The answer, like most things in whitetail hunting, is that it depends. Probably the easiest way to answer is to take you through step by step how we go about figuring it out.
Scenario: Public land, early November, hang’n hunt, in an area you have scouted and marked on a map. So, you know how to get to the exact tree you are putting your stand in.
Our first thought when planning is, how long does it take to get to the piece of public we are hunting? For easy addition we will say 30 minutes. We usually add at least 5 minutes to each time just to make sure we have plenty of time. Because if something can go wrong, it usually does.
Next, we allow 10 minutes for getting gear ready at the truck.
The next step in the process is the walk in. Remember you might have a stand on your back, so it might take some extra time. Again, let’s say it is a 25 minute walk in, add 5 minutes just to be safe for a total of 30 minutes.
Here is where things get different for each hunter. How fast can you put your tree stand up? For us with two people and camera gear, we allow 30 minutes. Again, we play it safe. We would rather sit in the dark in the tree then be racing the sunrise. If you can do it in 15 minutes, perfect, allow for that amount. If it takes you 45, allow for that amount.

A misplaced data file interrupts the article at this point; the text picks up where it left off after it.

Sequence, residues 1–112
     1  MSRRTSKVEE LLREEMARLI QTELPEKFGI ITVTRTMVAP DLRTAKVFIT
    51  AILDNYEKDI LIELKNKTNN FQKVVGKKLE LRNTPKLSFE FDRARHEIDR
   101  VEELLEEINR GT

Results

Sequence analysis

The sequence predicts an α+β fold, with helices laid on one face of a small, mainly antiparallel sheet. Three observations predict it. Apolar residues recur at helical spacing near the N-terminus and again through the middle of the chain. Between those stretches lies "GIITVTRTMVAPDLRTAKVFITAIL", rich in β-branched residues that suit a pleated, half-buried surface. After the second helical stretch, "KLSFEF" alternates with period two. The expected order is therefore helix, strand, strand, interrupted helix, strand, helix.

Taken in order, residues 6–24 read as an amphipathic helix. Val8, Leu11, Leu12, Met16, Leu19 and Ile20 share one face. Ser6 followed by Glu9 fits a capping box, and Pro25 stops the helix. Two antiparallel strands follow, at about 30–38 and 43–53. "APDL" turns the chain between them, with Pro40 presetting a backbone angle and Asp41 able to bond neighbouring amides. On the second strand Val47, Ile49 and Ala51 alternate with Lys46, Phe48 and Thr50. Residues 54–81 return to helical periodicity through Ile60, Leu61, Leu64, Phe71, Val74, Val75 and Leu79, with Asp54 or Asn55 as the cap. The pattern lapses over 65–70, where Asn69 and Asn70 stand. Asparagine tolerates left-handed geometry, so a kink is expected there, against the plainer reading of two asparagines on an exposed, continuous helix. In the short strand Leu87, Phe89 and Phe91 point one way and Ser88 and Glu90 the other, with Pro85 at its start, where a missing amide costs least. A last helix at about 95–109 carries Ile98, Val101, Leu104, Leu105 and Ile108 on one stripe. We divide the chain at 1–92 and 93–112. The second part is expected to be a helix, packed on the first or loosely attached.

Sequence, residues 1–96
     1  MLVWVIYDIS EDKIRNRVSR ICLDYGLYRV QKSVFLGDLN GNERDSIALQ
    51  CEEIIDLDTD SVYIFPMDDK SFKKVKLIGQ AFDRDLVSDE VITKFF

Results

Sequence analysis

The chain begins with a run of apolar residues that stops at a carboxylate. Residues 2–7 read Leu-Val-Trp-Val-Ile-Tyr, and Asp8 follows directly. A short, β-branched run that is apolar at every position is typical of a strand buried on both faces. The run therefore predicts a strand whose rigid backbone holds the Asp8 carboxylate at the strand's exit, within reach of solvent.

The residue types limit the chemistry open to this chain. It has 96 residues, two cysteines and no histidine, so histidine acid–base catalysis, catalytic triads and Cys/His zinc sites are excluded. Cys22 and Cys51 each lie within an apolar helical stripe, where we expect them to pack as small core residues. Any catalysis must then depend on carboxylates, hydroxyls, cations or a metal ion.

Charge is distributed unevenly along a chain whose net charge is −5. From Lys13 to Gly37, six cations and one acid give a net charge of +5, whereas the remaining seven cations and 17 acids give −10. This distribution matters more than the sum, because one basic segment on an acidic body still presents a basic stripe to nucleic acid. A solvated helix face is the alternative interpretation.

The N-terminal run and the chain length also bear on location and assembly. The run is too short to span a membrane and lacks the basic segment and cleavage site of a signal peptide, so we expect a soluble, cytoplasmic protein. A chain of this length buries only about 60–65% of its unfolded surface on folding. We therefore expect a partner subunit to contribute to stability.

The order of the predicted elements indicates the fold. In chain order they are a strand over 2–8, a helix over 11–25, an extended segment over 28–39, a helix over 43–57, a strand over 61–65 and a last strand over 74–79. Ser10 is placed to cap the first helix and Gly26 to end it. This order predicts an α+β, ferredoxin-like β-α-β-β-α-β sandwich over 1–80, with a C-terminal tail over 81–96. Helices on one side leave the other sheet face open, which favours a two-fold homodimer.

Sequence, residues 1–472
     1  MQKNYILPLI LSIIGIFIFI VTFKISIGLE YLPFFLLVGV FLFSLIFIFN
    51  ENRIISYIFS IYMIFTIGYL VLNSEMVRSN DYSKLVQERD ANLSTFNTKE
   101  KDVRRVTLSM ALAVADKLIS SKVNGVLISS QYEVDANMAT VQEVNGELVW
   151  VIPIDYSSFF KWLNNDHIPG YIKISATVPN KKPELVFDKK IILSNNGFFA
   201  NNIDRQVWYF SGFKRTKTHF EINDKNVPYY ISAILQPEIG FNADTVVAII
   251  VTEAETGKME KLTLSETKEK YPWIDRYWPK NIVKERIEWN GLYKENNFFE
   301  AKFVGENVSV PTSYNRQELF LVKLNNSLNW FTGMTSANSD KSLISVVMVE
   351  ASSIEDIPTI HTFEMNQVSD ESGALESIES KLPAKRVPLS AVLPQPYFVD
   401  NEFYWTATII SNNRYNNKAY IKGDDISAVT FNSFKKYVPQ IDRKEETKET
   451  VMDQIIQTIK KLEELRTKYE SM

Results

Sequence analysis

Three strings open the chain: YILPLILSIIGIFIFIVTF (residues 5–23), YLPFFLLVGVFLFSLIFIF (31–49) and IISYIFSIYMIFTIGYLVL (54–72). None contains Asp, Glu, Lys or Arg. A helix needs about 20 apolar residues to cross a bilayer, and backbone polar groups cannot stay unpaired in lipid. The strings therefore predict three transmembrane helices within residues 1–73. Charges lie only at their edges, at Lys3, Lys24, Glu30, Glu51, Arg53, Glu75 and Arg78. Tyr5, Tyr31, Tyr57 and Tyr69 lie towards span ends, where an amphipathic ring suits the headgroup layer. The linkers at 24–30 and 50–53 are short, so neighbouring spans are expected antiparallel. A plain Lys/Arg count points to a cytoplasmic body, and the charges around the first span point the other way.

The last step we always do is add at least 15 minutes. This again is playing it safe and making sure we are in there plenty early and have time to sit in our stands in the dark and let things settle down a little. If you are quiet putting up your tree stand (which you should be) and allow that extra 15 minutes, that should be enough time not to spook the buck you are after. The easiest way to put it is that you need to be sitting in your tree stand waiting at least 15 minutes before legal shooting light.
From what we have seen bucks generally get to their general bedding location and then walk around a little before they bed down. We haven’t seen to many times where right at daybreak they are already bedded down. So, by allowing 15 extra minutes and putting your tree stand up quietly you should avoid spooking any buck that appears earlier then you expected.
In our scenario let’s say sunrise is 7:15. In Nebraska we can shoot a half hour before official sunrise. So, we can shoot (and it is light enough to shoot) by 6:45. So now let’s do the math on our times. The added 15 minutes is 6:30. A half hour to put stands up is 6:00. So that means for a 6:45 shooting time we are at the base of our tree 45 minutes before we can legally shoot and if you add the walking to our stand location, we are walking in by 5:30. Add in a 30 minute drive and 10 minutes to get gear ready and we have to leave home by 4:50. As you can see it makes for some super early mornings!
Hopefully that helps you plan your hang’n hunt setups for next year when you are hunting over buck beds and gives you an idea of the time frames that Brody and I use throughout the fall.